Montrose is a busy east coast town with something for everyone. Much of the town lies on a spit of sandy land a mile wide that extends southwards across the seaward side of the Montrose Basin, almost cutting this large tidal nature reserve off from the North Sea.
Montrose's origins lie two miles to the west of today's town, on the west shore of Montrose Basin in Old Montrose. This probably served as the port for Brechin until a Viking raid in 980 largely wiped it out.
The replacement settlement was formed on the sandy spit where it has grown ever since. The north side of the River South Esk offered deep water whatever the state of the tide, and the town that grew here was given a Royal Charter by David I in the 1100s.
By 1180 there was a royal castle at Montrose, and a ferry plied between the town and Ferryden on the south side of the River South Esk. The castle was destroyed by William Wallace in 1297 and no trace of it remains.
Despite the occasional attentions of other passing armies in later centuries, Montrose grew steadily in size and importance. Today you can think of it as six fairly distinct areas. The core of the town is its High Street, aligned north-south and home to most of its shops as well as to a collection of fine buildings like the library, the Town House, and Montrose Old Church with its landmark 220ft spire erected in 1834. In Market Street is the studio of William Lamb, preserved in memory of the sculptor as a museum.
To the west of the High Street is the line of the main railway north to Aberdeen which, with Montrose Station, arrived in 1850. Beyond the railway is Montrose Basin, which hems in the town from this side. Proposals to reclaim half of the basin in the 1670s got as far as building an embankment across it, Dronners' Dyke, still visible, before the idea was abandoned after storm damage. More recently this part of town has become the location of Montrose's main supermarket and of an inner bypass taking through traffic away from the often very busy High Street.
East of the High Street is an interesting area characterised by open spaces, the Mid Links, in which you find bowling clubs and the town's football and cricket grounds, as well as Montrose Academy.
East again and you come to the open, largely grassy areas lying behind the dunes, which in turn lie behind Montrose's excellent beach. Here are the town's camping and caravanning site, the golf courses, and a range of attractions such as the Traill Pavilion that bring a genuine seaside resort feel to this part of town.
The fifth area of Montrose is found to the south, on the banks of the River South Esk. This is the location of Montrose's busy harbour, which has steadily grown over the past 900 years. Montrose has at different times been an important centre for various types of fishing, from salmon to whaling and herring, and including, for a time, a pearl fishery in the river itself. It has also been an important timber port, and for many centuries was one of Scotland's largest exporters of wool. Today it also benefits from harbour activity connected with the North Sea oil industry.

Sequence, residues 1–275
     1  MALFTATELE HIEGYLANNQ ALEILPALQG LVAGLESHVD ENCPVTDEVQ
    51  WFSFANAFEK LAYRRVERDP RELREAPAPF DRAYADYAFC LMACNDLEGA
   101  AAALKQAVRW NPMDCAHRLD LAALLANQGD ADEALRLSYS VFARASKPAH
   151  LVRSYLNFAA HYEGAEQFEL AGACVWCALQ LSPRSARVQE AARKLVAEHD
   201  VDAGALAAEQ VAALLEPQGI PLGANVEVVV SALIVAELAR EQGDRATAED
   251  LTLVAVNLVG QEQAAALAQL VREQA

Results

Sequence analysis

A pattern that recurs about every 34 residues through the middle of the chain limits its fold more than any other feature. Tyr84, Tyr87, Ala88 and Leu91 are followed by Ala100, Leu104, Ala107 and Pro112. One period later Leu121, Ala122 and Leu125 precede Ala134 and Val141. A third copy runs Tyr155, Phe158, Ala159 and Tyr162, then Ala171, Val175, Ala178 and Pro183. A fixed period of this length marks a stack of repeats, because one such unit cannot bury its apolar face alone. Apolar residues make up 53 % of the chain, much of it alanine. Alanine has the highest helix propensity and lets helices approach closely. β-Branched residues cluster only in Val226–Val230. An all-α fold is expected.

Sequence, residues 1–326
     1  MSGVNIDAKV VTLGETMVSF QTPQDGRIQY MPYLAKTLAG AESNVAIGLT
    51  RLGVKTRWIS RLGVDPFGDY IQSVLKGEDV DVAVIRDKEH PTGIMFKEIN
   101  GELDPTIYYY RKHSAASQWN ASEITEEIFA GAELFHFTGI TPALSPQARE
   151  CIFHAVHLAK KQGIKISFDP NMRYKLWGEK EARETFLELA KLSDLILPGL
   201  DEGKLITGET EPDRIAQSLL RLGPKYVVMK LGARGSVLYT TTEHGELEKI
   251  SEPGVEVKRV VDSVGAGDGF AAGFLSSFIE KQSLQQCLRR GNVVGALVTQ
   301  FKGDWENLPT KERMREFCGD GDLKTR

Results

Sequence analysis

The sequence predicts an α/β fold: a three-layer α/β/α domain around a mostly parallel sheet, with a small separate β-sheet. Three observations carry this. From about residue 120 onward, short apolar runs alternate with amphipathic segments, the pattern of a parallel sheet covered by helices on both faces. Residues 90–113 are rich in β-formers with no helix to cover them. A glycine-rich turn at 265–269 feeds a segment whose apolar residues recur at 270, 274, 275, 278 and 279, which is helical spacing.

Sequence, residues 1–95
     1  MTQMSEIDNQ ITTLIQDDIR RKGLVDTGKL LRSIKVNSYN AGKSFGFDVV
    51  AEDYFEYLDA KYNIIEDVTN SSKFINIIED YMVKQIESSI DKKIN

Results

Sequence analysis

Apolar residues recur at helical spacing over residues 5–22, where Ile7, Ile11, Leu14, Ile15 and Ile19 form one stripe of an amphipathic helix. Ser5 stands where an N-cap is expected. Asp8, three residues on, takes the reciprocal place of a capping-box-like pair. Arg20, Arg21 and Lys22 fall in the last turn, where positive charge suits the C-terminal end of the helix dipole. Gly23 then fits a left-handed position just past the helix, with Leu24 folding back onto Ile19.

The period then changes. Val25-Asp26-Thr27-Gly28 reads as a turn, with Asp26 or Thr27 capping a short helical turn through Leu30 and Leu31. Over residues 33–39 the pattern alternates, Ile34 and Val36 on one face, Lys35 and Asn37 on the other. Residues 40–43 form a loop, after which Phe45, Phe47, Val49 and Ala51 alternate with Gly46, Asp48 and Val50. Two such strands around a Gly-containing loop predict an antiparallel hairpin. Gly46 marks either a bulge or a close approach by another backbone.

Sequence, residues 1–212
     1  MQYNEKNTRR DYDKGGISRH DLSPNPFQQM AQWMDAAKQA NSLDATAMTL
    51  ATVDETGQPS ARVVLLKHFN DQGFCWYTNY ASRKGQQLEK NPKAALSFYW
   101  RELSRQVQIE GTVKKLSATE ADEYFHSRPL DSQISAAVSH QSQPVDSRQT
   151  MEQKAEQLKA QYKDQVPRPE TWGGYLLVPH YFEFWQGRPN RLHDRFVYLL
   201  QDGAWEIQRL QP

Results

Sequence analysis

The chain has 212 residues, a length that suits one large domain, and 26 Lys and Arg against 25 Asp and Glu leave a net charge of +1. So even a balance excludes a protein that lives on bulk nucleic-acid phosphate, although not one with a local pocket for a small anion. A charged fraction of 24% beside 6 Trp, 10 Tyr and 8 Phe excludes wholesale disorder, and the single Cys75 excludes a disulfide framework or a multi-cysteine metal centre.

The River South Esk is crossed at the mouth of Montrose Basin by road and rail bridges. Until the late 1700s the only way of crossing the river was by ferry. A wooden bridge known as the "Timmer Brig" was built in 1795. This was replaced in 1829 by a suspension bridge designed by Captain Samuel Brown, RN, best known for the Union Chain Bridge across the River Tweed nine years earlier. This collapsed through overloading with the loss of three lives in 1830. It was rebuilt, only to be damaged in a storm in 1838. The suspension bridge was replaced by a concrete road bridge in 1930, which was itself replaced by the structure you see today in 2006.
Not far from the bridge and on the bank of the river is a statue of Bamse (Norwegian for "Teddy Bear"), a Great Dane who lived on the Norwegian minesweeper Thorodd during World War Two, and who achieved considerable local fame.
The final area of Montrose lies to the north of the centre of the town, as the main road starts to lead towards Aberdeen. Now increasingly given over to housing development this was once an important industrial area. Close by is the site of Britain's first operational military airfield, established by the Royal Flying Corps at the end of 1913, and reopened in WWII. Part of it is now home to the Montrose Air Station Heritage Centre.
Throughout the 1900s the north end of Montrose was dominated by the tower of Lochside Distillery. This wonderful structure was unique in Scotland and owed much more to the architectural traditions of German breweries than those of Scottish distilleries. The building is, sadly, now only a memory. Head west from here, however, and the treatment of our heritage gets rather better. Two miles beyond the edge of Montrose is the House of Dun, built in the 1730s and restored to its former glory in the late 1980s. It is now open as a visitor attraction.
The coast south of Montrose is superb, with highlights including the magnificent Lunan Bay, with over two miles of broad, dune-backed sand, and the rather craggier Boddin Point. High on a bluff and dominating the centre of Lunan Bay are the very red remains of Red Castle.